Kong: Skull Island, the latest update to the King Kong legend, came out of its opening weekend with a roar. Despite competition from the wildly popular and well-reviewed Logan, the monkey-movie defied expectations to score over $61 million in domestic box office (it was predicted at $45-$50), with international returns pushing it to $143 million.
But Warner Bros can’t get too excited just yet. CGI gorillas don’t come cheap, and neither do top rated casts. The production budget for the film is reported to be $185 million, and that doesn’t even touch the marketing budget. WB paid handsomely for their success – Variety reported the film would need to haul in $500 million worldwide just to cover costs.
The ballooning cost of blockbusters has been a talking point since James Cameron’s Titanic, but when a budget requires a return of half a billion dollars just to go into the black, then the bar has been moved. A movie can’t just be a success any more; it must be a massive success. King Kong sized.
With the motion picture industry already suffering from a bloat that has basically drowned out small and midsize films, this puts even greater expectations on a product that audiences are growing increasingly ambivalent about.
Kong faces another challenge in maintaining its momentum -- a monster of a different sort opens next weekend with the live action version of Beauty and the Beast expected to knock Kong firmly off his perch. The irony of that is spectacular. The famous last line of the original 1931 Kong is, “It was Beauty killed the Beast.”
It’s not all doom and gloom for WB, though. The successful launch of Logan, Kong, and presumably Beauty has proven that March can be every bit the blockbuster month that July is. And April shows no sign of slowing down.
Beyond that, Warner, like most of the big studios, wants its own version of what Disney has built with the Marvel Universe (and is attempting with Star Wars). The new goal for Hollywood studios is the shared world idea, which scales financially and is less about individual movies and more like episodic television writ large, distributed over the years. While not explicitly marketed as such, Kong is technically a sequel (prequel? Given its Vietnam War setting?) to 2014’s Godzilla. The inevitable matchup between the giant monsters is at this point a foregone conclusion.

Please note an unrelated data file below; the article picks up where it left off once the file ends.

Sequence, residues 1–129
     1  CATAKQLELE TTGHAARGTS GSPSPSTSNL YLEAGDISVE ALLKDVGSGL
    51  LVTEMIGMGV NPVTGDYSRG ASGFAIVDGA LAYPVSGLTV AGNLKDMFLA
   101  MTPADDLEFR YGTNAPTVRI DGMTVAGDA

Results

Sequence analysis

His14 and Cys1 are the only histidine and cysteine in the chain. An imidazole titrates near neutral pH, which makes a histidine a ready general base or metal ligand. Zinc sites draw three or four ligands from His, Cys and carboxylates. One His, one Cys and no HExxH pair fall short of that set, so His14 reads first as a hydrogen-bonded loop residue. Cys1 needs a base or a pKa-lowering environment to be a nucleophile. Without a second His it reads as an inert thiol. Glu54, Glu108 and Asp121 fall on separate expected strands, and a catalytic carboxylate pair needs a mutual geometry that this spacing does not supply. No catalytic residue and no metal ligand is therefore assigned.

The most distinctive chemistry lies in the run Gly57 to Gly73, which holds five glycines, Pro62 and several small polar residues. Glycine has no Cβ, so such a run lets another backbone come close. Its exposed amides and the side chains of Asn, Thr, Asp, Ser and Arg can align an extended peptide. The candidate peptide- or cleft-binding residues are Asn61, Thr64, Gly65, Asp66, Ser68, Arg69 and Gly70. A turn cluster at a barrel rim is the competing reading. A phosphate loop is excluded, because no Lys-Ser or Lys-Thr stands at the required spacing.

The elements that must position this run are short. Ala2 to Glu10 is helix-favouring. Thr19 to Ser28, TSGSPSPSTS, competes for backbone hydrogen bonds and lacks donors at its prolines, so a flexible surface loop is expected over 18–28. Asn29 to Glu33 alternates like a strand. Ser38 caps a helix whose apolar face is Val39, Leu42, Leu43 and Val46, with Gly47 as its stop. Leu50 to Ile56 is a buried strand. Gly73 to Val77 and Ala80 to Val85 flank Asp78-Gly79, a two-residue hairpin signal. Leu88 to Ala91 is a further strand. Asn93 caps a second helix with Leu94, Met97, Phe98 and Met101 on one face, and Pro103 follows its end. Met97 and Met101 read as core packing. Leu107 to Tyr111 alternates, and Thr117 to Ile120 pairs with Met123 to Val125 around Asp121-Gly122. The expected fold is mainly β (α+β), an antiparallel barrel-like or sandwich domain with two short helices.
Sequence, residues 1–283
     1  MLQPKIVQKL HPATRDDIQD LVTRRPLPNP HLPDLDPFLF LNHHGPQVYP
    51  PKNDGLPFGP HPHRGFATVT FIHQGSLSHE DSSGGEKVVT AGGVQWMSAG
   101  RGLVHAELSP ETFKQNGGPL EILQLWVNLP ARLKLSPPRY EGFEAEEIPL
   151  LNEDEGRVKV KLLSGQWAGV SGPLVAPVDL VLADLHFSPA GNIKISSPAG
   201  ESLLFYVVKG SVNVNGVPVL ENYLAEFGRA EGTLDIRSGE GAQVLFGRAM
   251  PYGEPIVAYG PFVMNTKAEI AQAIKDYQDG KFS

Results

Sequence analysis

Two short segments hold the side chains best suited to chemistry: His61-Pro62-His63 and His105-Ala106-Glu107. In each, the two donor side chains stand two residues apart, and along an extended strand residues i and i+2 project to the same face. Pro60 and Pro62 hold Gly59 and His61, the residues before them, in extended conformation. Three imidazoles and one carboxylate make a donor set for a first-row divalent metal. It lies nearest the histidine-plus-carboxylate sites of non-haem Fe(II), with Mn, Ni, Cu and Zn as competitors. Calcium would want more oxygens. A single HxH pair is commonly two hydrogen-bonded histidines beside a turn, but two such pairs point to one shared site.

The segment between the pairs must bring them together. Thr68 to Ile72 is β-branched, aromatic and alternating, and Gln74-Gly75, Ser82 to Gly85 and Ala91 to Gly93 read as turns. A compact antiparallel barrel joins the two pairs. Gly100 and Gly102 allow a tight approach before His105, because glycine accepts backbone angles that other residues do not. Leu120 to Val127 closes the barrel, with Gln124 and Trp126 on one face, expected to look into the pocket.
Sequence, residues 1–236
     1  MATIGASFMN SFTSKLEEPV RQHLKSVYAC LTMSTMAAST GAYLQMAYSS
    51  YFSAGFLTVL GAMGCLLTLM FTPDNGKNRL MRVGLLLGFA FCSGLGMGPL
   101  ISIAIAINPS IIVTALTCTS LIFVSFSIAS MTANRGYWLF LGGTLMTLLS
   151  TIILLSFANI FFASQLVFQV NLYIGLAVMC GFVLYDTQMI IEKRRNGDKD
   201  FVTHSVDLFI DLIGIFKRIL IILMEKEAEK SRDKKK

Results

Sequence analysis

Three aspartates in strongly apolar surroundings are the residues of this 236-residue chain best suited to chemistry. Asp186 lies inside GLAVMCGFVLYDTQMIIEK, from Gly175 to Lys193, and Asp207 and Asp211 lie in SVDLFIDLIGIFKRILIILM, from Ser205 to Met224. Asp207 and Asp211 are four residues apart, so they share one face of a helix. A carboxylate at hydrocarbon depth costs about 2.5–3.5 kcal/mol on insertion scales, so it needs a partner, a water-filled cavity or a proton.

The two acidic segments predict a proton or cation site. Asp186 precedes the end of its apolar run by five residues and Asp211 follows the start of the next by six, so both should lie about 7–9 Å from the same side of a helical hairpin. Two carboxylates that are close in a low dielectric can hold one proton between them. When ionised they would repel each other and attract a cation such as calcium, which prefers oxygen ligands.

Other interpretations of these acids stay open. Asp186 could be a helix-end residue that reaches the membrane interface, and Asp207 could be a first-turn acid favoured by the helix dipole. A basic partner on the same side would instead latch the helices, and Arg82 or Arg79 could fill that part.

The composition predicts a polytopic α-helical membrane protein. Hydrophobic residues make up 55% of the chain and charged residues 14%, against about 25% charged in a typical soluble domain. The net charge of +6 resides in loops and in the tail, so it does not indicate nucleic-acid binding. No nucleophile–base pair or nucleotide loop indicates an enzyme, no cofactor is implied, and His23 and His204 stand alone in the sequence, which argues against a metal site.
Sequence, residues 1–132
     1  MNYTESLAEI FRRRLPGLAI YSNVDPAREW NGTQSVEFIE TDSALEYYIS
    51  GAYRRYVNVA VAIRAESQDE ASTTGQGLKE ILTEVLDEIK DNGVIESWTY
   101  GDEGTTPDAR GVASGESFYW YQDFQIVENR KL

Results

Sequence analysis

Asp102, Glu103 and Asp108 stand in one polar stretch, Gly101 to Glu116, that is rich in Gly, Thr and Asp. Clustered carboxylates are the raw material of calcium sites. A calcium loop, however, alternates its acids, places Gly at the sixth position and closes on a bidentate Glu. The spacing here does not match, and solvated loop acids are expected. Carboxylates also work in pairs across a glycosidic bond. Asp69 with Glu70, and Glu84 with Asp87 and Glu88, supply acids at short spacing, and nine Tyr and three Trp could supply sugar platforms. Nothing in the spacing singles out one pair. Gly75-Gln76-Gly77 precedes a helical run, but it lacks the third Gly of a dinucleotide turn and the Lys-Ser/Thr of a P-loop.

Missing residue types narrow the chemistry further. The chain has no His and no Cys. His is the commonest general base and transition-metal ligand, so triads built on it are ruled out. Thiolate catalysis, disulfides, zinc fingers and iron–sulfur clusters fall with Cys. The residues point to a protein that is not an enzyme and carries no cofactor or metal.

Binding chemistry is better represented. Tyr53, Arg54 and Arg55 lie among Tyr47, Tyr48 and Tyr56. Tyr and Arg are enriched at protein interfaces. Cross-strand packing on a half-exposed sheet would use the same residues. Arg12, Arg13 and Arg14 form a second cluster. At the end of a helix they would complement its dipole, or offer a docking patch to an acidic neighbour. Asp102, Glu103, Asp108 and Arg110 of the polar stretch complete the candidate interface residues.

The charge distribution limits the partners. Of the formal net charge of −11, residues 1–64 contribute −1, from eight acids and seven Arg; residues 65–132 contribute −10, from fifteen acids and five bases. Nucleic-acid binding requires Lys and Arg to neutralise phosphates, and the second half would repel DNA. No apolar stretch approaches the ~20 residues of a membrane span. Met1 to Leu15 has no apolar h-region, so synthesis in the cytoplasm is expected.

The temptation to create this shared world is somewhat obvious as the Toho studios films of the 50s and 60s produced any number of variations of the classic monster fights, and the parallel to comics isn’t that farfetched. It is questionable though that the Japanese monster movies of half a century ago have maintained and grown a fan base as effectively as Marvel and DC. However, if WB can successfully launch the franchise while still taking a small loss on Kong itself, that might still be a victory.
When the original film launched in 1931, there was already hand wringing about what spectacle based film making would do to the industry and “to the minds of impressionable children.” It was feared that Kong would be the end of cinema. It would be funny if they were right, though things aren’t quite that grim.
What is unquestionably true, though, is that the motion picture industry has fundamentally changed. As audience expectations have increased, so have studio expectations, and so has the competition. And with Disney so far ahead of the pack, WB and Mighty Kong have some climbing to do.